I am not sure of the years of production, but weren't the early 1873 Winchesters made with cast iron receivers? If so, I would want to make sure I got one with a steel receiver. Beyond that, inspections on older lever actions follow the same rules as other rifles:
* Bore- since the cartridges these rifles were chambered for were loaded for many years with black powder, I would make sure the bore is not corroded, then see if you can get the owner to let you disassemble the rifle to check to see if the date stamp on the barrel matches the serial number's production date and the chambering matches the original production records.
* Lever- No undue wear, no slop in the pivot pin, no pitting (or not an unreasonable amount) from sweaty hands on the inside of the lever, link pin not worn out. Ask the current owner to remove the side plate so you can inspect the internals, including the toggle. Sideplates were marked with the serial number on the inside surface.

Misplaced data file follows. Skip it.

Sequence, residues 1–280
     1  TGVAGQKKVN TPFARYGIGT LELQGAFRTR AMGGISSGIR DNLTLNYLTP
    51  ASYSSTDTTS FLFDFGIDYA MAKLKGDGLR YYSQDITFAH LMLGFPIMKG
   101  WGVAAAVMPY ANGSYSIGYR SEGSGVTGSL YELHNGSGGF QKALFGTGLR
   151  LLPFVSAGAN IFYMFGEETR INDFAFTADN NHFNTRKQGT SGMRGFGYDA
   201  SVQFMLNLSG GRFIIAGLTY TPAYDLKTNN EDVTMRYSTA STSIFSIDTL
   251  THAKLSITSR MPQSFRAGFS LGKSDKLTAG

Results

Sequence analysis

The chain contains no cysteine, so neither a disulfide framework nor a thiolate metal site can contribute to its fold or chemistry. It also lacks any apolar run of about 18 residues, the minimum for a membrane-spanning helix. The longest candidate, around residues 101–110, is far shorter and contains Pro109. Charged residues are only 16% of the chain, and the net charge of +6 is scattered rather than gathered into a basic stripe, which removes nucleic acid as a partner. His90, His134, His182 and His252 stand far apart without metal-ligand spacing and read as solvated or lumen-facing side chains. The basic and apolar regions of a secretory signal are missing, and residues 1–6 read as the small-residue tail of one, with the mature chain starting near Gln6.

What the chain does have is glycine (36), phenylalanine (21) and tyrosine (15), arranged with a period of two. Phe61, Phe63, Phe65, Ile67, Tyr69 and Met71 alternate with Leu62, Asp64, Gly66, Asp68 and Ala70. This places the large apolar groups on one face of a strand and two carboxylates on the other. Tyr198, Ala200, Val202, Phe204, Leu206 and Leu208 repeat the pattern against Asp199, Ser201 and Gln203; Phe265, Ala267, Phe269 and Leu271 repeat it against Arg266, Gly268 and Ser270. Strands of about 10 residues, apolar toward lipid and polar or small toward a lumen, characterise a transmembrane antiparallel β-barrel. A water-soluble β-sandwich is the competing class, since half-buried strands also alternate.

* Carrier- carrier not sloppy in the ways, no side-to-side movement.
* Bolt- Bolt ways not oversized, bolt corners sharp.
* Hammer- Original hammers had the little checkered portion cast into them, so the checkered area had a border around it. If the checkering goes clear to the edge, the hammer is probably a replacement. Make sure the rifle cocks when the lever is cycled. If not properly lubed, the hammer can wear to the point it will not cock.
* Wood- wood not soaked with oil at points of contact with the metal (makes wood soft), no black stains around metal (means wood has been wet, probably rusted or corroded underneath), fit on receiver and tang very close, buttplate very closely fit, not undersized or oversized, no splitting at the tang, no splits in the forearm.
* Shooting- since you are buying a shooter, ask to shoot it. Evaluate the trigger and the action, and make a note of the loads used to fire it.